The building was erected in the second half of the 14th century. Its founder was probably one of the sons of the great royal marshal Piotr Kmita: the Cracow bishop Florian or his brother, the castellan of Radom Klemens. Mokrsko family lost their residence in 1509. During the first half of the 16th century, the castle changed owners at least five times. In 1531, Mokrsko and the castle were purchased by queen Bona. Perhaps on her behalf, the reconstruction of the residence was led by Piotr Kmita, who is credited with modernizing the castle, although he never owned it. At the turn of the 16th and 17th centuries, a new residential wing was added outside the southern wall of the castle. At the turn of the eighteenth and nineteenth centuries, the building was abandoned, in 1846 it was already significantly ruined.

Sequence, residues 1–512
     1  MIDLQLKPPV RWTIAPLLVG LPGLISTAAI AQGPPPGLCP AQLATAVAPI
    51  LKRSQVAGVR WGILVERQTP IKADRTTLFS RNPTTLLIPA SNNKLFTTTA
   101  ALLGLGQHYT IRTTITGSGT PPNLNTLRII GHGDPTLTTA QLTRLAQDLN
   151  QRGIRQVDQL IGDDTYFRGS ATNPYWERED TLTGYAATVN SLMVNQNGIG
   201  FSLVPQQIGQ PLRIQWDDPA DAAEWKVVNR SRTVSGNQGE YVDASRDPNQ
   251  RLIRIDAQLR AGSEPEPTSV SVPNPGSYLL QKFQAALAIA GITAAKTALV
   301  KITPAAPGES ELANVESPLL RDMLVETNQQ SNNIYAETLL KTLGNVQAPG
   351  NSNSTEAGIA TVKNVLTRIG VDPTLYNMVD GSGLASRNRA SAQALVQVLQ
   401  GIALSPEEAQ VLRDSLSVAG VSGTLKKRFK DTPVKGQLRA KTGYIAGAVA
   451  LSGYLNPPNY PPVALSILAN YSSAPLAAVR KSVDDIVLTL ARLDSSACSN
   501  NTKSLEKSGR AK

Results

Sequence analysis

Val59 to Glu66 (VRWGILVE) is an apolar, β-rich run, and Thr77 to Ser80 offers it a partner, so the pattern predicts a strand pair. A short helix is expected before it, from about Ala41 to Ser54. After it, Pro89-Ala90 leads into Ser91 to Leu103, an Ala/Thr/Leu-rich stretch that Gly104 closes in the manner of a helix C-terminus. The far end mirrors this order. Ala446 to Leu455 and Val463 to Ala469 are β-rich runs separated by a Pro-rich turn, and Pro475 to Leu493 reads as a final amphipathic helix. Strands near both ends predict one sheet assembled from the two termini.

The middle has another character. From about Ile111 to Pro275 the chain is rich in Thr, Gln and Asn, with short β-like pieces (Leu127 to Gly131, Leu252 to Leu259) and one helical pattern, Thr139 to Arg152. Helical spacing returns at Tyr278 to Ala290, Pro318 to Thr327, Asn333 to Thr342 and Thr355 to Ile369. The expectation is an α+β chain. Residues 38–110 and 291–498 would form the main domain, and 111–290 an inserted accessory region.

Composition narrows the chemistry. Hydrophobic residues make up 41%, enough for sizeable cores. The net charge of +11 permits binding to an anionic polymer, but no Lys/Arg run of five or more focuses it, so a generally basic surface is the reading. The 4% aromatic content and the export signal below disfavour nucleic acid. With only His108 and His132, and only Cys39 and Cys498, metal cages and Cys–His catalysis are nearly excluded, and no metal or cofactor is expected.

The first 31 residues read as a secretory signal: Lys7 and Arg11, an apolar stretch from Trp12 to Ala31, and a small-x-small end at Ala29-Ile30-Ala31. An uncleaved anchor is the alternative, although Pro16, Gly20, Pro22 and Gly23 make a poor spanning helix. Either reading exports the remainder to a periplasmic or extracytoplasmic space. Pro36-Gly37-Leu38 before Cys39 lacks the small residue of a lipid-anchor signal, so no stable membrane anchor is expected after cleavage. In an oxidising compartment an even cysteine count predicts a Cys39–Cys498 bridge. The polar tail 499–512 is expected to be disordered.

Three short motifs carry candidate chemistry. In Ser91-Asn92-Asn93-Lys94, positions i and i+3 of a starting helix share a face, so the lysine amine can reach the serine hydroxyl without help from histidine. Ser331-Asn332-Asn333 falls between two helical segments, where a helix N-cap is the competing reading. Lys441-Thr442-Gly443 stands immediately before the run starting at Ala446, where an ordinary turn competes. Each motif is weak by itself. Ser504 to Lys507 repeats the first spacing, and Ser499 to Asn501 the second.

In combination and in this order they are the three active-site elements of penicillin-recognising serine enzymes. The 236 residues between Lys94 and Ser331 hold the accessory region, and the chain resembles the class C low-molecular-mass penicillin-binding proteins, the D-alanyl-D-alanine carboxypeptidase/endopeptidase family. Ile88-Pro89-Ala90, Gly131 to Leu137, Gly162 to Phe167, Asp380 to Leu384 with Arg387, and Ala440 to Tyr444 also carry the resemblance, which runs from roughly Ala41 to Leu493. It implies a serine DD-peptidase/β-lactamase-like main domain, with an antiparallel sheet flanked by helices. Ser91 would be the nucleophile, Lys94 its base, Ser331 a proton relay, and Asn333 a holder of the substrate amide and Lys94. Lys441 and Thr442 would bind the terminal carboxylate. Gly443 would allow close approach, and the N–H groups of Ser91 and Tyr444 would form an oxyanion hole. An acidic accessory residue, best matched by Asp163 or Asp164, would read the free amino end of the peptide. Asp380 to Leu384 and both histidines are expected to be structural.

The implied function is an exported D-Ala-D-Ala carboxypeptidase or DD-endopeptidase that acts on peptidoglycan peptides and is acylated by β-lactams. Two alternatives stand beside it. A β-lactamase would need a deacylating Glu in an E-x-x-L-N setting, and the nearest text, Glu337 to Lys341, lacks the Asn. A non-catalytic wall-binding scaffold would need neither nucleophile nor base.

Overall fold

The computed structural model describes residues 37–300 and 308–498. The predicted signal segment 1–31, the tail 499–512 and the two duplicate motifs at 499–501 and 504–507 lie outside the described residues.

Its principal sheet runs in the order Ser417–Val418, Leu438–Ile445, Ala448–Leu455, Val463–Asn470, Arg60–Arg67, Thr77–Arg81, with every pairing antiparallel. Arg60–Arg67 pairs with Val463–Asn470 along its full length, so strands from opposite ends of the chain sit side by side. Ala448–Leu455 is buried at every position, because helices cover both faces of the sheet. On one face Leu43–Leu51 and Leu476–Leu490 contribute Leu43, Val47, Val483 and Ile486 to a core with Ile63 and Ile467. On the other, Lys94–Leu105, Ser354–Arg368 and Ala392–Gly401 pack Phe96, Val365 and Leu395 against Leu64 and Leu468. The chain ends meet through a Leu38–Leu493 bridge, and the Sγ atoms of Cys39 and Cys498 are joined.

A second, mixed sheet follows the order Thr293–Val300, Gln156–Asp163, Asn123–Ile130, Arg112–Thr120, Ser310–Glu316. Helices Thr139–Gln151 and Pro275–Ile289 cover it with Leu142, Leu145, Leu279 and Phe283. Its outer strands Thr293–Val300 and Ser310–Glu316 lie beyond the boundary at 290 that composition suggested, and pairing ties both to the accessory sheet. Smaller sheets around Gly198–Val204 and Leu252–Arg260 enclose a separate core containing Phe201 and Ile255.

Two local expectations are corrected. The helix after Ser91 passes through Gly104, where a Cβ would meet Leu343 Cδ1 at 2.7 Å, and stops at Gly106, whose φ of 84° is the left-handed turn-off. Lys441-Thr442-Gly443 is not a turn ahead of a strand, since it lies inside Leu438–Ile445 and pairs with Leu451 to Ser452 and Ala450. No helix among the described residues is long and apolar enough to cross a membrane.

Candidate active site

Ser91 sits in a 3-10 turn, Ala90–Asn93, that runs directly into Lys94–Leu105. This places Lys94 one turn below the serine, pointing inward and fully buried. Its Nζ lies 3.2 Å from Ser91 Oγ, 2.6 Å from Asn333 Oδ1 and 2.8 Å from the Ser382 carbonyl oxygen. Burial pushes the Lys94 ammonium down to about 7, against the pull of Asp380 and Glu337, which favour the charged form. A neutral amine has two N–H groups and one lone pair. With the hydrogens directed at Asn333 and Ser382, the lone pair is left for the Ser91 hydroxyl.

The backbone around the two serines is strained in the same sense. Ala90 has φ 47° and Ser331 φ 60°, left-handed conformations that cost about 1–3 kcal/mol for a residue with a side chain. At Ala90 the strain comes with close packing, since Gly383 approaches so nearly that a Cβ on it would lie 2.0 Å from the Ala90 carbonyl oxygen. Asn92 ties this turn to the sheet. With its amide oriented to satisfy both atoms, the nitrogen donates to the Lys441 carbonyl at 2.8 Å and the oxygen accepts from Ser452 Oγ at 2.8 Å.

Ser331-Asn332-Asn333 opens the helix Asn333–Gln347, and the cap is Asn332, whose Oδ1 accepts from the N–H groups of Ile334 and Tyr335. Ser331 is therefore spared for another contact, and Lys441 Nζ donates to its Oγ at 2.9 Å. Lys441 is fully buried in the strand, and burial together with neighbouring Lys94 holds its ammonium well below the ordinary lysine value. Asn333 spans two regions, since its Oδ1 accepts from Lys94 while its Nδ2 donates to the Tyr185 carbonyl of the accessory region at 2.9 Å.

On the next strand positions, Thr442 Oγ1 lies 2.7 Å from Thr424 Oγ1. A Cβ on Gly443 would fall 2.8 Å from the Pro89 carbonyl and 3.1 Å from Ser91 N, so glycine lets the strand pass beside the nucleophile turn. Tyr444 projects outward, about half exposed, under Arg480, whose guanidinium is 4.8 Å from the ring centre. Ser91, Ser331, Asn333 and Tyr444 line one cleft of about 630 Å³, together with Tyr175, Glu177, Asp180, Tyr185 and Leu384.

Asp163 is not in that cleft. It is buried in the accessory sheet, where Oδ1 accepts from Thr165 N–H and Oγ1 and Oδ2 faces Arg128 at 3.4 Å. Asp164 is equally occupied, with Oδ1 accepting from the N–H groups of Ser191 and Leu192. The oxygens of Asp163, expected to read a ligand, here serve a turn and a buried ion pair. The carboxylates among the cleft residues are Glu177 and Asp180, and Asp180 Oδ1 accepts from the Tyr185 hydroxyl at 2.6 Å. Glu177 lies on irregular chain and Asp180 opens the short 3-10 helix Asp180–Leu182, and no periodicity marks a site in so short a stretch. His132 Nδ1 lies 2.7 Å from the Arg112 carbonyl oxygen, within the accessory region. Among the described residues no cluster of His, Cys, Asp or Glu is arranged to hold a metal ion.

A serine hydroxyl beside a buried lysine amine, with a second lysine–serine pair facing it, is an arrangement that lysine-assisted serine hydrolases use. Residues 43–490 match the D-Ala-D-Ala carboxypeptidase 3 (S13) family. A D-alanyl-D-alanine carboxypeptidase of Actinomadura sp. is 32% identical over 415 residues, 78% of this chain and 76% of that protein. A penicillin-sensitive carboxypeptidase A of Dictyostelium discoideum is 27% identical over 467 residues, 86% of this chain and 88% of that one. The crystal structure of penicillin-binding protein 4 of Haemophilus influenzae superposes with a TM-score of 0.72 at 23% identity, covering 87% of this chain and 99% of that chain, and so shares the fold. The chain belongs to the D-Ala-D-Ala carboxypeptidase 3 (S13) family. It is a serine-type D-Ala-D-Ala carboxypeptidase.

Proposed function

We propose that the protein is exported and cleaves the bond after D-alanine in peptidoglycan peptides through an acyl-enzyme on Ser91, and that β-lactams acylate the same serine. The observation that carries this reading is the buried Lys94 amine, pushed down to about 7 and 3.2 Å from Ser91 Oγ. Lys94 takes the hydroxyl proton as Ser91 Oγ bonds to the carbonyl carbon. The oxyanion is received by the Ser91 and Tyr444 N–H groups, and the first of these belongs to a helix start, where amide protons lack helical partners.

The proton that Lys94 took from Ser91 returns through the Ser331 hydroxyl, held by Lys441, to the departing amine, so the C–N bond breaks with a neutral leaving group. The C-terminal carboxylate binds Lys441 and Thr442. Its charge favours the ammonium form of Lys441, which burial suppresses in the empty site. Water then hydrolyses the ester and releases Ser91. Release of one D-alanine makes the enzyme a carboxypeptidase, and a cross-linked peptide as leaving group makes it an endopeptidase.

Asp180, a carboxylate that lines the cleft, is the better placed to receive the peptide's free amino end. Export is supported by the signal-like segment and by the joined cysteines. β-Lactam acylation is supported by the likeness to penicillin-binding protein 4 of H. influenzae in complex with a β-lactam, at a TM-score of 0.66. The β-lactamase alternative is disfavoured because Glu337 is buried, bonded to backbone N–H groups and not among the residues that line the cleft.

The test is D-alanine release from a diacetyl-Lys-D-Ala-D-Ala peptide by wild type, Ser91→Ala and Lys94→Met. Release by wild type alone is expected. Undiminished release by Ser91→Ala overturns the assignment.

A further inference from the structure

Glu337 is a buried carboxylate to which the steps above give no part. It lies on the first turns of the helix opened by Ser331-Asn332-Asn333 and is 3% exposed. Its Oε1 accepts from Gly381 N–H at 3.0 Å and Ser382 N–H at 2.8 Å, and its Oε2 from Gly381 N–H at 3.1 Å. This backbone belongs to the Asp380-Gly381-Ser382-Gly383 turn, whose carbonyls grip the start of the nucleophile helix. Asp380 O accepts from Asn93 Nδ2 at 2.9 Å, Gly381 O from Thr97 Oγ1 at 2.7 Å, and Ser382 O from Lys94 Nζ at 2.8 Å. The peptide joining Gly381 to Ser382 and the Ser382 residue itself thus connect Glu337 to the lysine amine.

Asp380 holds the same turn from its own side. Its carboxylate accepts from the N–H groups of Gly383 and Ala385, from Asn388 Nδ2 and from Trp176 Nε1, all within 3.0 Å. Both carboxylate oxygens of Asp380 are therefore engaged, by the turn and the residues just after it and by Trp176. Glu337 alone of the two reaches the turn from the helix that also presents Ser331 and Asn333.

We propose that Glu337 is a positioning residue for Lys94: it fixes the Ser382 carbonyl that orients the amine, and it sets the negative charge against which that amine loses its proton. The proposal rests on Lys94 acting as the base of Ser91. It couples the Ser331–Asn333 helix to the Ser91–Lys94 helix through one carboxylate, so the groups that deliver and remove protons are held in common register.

In the first half of the sixteenth century, the building consisted of a castle erected on a small mound surrounded by a moat and an outer ward to which ran a dyke among wet meadows (although chronicler Jan Długosz described the castle as located among forests). The main castle was built of stones on a plan similar to a rectangle measuring 25×45 meters with buttresses in the corners of the perimeter wall. The western curtain was filled with a one-story residential building with a basement and three floors. On the second floor there was a large representative room and a side chamber. The castle courtyard was surrounded on three sides by a wall, topped with a guard porch. The gatehouse, extended before front of the wall, had a square-like view.
Only the relics of the eastern wall of the residential house and the north-east corner of the curtain wall have survived to our times. Entrance to the ruins is free.
Leksykon zamków w Polsce, red. L.Kajzer, Warszawa 2003.
Wróblewski S., Zamki i dwory obronne województwa sandomierskiego w średniowieczu, Nowy Sącz 2006.